International Women’s Day celebrates 100 years of women’s achievements – National sex trafficking | Examiner.com

The centenary anniversary of International Women’s Day is March 8, 2011.  Surprisingly, the day’s roots are deeply entrenched in the Socialist movment of the early 1900’s, when women were seen as the key force for expanding socialist ideologies.  Around the globe, women were taking a stand to have the same rights, privileges, and pay as men, and the time was ripe for social change.

In the United States in 1908, 15,000 women marched in New York City for shorter hours, better pay, and voting rights.  The following year, the Socialist Party of America declared February 28 to be the first National Woman’s Day.  In 1910, the second International Conference of Working Women, held in Copenhagen, led the call for an international day of celebration of women, which was then established for March 19, 1911. Austria, Denmark, Germany and Switzerland were the first to celebrate and honor their daughters, mothers and wives.  The date was later changed to March 8 of each year.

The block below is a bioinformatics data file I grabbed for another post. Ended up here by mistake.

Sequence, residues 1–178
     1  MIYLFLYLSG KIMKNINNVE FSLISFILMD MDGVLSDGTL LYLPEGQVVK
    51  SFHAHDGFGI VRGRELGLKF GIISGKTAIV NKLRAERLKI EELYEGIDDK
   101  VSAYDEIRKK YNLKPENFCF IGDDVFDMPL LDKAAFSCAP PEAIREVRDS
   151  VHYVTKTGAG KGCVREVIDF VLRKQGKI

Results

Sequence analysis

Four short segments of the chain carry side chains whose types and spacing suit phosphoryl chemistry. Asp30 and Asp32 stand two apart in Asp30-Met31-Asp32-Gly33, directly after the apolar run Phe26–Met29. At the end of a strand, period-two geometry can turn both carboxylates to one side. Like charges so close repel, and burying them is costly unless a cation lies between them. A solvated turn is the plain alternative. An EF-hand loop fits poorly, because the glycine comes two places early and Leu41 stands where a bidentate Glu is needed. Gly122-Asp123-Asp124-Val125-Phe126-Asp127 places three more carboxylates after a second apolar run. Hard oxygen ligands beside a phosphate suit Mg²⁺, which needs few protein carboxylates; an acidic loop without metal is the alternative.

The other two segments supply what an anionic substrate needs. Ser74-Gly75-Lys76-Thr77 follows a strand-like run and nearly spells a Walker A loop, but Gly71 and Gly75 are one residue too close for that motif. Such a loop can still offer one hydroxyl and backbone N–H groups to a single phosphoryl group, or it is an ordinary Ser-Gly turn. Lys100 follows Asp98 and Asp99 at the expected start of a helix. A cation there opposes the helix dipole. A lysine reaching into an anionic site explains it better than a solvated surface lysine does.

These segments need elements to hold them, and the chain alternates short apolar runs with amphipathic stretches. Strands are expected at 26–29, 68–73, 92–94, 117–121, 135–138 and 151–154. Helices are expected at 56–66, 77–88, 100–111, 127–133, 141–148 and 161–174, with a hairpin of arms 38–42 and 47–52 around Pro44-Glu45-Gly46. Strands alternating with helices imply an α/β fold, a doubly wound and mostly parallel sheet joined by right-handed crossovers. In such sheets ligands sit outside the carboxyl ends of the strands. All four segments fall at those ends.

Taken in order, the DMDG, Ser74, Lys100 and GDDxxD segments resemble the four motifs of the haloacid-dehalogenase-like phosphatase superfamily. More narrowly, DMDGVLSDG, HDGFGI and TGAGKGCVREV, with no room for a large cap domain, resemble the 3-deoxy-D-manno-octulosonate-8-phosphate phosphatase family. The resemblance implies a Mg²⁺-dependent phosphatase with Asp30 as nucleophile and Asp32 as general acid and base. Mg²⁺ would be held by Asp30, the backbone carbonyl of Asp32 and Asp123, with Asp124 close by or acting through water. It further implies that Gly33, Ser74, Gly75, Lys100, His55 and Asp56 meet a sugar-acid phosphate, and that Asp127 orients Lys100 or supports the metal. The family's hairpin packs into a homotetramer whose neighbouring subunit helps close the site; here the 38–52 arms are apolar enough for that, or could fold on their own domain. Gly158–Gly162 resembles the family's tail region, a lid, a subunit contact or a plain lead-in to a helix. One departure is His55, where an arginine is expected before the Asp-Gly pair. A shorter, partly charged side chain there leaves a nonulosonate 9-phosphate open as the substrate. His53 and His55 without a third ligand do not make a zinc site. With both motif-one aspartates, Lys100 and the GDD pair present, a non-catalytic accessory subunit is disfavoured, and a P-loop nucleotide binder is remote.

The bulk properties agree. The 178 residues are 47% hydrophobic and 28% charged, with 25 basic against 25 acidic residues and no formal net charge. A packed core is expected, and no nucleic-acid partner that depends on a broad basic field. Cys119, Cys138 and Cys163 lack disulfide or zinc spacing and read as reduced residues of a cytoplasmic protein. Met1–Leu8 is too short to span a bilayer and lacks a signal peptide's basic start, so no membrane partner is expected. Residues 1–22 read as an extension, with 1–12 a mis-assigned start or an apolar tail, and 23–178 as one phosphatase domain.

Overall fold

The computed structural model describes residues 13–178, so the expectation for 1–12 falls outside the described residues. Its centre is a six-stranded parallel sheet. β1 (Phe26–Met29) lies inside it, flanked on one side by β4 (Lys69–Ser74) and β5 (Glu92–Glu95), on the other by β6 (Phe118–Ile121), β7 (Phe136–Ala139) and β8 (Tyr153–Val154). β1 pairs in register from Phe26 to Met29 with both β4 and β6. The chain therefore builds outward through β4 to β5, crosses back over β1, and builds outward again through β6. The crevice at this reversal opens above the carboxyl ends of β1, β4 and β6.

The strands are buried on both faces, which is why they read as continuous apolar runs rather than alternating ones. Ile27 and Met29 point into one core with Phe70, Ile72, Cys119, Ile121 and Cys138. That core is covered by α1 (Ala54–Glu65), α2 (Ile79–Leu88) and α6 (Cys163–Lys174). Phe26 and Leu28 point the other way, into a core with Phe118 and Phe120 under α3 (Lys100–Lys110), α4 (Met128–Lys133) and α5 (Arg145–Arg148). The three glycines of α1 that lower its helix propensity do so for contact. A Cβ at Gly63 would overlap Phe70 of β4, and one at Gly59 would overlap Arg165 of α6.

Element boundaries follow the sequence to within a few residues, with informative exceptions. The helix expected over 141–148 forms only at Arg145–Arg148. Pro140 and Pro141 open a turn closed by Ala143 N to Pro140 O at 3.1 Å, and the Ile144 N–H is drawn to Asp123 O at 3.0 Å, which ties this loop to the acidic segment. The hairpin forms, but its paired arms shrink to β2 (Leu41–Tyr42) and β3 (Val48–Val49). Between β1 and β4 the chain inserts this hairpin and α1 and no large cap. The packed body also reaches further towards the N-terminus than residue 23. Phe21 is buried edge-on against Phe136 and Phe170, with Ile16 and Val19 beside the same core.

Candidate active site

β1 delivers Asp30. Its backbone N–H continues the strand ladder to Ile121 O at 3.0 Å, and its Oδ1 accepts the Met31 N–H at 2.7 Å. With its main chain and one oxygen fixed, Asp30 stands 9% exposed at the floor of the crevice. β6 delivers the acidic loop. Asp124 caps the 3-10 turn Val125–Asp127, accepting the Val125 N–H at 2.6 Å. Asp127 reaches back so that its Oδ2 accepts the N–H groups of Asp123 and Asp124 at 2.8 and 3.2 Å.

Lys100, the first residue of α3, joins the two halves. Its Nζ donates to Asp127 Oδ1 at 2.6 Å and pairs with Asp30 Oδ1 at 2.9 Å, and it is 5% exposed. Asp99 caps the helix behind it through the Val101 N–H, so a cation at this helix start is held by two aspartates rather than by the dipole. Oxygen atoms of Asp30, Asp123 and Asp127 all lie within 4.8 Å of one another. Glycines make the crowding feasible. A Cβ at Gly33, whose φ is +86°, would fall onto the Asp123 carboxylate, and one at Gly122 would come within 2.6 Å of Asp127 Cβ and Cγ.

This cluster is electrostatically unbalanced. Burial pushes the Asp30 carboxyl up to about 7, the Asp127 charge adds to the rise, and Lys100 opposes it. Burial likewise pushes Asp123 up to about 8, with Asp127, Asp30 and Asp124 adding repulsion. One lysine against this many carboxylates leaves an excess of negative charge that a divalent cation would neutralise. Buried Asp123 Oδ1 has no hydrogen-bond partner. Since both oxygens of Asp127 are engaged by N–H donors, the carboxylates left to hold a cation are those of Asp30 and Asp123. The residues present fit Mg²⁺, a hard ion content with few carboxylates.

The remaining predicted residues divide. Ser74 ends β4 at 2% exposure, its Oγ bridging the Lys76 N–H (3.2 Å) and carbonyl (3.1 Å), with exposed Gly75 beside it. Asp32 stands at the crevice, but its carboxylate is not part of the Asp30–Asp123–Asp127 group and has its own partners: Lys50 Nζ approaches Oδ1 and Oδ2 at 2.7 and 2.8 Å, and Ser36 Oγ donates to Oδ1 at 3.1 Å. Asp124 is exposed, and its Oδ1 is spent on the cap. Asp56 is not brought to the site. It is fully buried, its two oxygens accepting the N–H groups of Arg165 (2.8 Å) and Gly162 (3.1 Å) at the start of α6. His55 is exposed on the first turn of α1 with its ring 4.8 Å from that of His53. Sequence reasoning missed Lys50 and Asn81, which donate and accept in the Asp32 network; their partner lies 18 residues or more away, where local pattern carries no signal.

The movement was spurred on by catastrophic factory working conditions in the U. S. and abroad, the suffragette (women’s voting rights) and social reform movements in many countries, and wars in Russia which decimated the male population (1917). This latter circumstance, spurred Russian women to strike for four days until the Czar was forced to abdicate.  The resulting provisional government gave women the right to vote.

Women were being recognized as valuable, competent, and capable of bringing new energy and solutions to complex social problems.  They were also seen as a powerful collective voice that was not to be ignored.

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